Background. Health insurance ownership facilitates access and minimizes financial hardship after utilization of healthcare services such as computed tomography (CT). Understanding the rational utilization of CT by people with health insurance can help optimize the scheme and provide baseline information for a national universal health coverage program. Objective. To assess the relationship between health insurance ownership and the appropriateness of requests for CT in a peripheral referral hospital in Cameroon. Methods. A survey of CT users was conducted during which information on health insurance ownership was collected and the request forms for CT assessed for appropriateness using the American College of Radiologists (ACR) Appropriateness Criteria®. Results. We consecutively enrolled 372 participants of which 167 (45%) were females. The median age (range) was 52 (18–92) years. Thirty-eight out of 370 participants reported having health insurance (10.3%; 95% confidence interval (CI): 7.2%–13.4%). Twenty-nine out of 352 CT scan requests (8.2%; 95% CI: 5.3–11.0) were judged to be “inappropriate.” The proportion of inappropriate scan requests was higher amongst people with health insurance compared to those without health insurance (18.4% vs. 7.0%; χ2 = 5.8; ). In the logistic regression analysis, health insurance ownership was associated to the appropriateness of CT requests in the univariate analysis only (OR = 0.33; 95% CI: 0.13–0.84; ). Conclusions. Inappropriate requests for CT were low but nevertheless associated to health insurance ownership. The continuous sensitization and training of physicians would help minimize potential wasteful utilization of resources.

1. Introduction

The continuous development of advanced healthcare technology such as computed tomography (CT) has led to an increase in the cost of healthcare [1]. The utilization of multislice and extreme detector CT equipment with a very broad range of clinical applications has especially led to the price hike of CT procedures [1]. A high cost for healthcare services has the potential to limit access to care as people in need of the services may not be able to afford for them [2, 3]. Affordability of multislice CT technology is therefore perceived to be a barrier to its utilization, especially in settings without any financial protection for health. However, the affordability barrier to CT utilization can be minimized by the implementation of financial protection schemes [3]. Health insurance ownership is therefore expected to protect CT users from impoverishment and financial hardship that could arise from its utilization [3].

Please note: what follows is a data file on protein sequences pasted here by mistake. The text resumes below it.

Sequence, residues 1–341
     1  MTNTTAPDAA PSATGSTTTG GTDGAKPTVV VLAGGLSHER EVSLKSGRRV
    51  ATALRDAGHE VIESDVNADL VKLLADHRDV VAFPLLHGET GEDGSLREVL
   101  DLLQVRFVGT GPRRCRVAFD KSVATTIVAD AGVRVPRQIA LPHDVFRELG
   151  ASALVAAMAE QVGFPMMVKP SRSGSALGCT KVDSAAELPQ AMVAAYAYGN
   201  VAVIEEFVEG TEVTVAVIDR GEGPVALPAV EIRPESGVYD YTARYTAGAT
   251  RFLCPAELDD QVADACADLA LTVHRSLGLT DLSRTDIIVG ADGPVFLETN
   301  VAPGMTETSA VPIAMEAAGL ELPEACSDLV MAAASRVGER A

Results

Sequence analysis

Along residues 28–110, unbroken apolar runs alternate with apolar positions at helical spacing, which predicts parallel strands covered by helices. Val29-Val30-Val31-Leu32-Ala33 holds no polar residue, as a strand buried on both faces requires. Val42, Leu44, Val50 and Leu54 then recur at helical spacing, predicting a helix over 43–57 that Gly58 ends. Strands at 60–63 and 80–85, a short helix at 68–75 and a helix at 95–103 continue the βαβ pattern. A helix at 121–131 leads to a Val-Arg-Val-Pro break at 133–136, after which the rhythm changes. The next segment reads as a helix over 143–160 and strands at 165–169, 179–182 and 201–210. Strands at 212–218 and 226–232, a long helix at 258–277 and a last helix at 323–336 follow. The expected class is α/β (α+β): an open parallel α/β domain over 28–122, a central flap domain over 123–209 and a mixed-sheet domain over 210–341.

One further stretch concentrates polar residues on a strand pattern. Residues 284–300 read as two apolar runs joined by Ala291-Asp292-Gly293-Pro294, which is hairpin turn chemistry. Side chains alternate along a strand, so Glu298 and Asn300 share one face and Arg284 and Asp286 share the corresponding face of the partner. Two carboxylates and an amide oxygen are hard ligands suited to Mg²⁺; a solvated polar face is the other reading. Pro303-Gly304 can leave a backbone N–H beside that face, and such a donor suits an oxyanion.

In Cameroon, CT scans have been installed in recent years in some peripheral referral hospitals around the country so as to improve upon the geographical accessibility of CT technology. The improved geographical accessibility is expected to reduce the time to obtain CT and also minimize inconveniences linked to long-distance travel to other towns. These peripheral health facilities which have been focusing on primary and secondary care now have to incorporate CT utilization during routine clinical practice with the potential for better health outcomes for patients. Nevertheless, CT, being a referral technology with a high radiation exposure, requires rational cost-effective utilization [1, 46]. According to a national survey, 96 to 98% of the general population do not have health insurance [7]. Whilst awaiting the implementation of a national universal health coverage program, available financial protection schemes for health include private insurance policies and community-based mutual and employer-provided insurance schemes.

Given the improved access to healthcare services conferred by health insurance ownership [8, 9], it is important to explore the rational utilization of services such as CT by people who have subscribed to health insurance policies. The information generated can help restructure available private health insurance policies and also shape the planned implementation of a public national universal health coverage scheme. There is paucity of information on the utilization of CT by people with health insurance. A pilot study reported an association between inappropriate CT requests and health insurance ownership in an urban sub-Saharan context [10]. Further studies to ascertain this relationship from different socioeconomic and geographical contexts are important so as to provide empirical evidence. In this study, we explore this relationship in a peripheral intermediate-level referral hospital in Cameroon.